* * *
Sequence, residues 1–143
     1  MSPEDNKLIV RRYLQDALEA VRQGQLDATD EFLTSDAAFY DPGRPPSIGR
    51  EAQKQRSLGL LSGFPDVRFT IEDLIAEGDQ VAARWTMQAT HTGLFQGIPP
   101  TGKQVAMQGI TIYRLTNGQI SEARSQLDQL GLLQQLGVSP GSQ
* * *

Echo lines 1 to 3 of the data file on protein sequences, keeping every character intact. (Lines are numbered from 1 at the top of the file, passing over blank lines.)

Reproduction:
Sequence, residues 1–143
     1  MSPEDNKLIV RRYLQDALEA VRQGQLDATD EFLTSDAAFY DPGRPPSIGR
    51  EAQKQRSLGL LSGFPDVRFT IEDLIAEGDQ VAARWTMQAT HTGLFQGIPP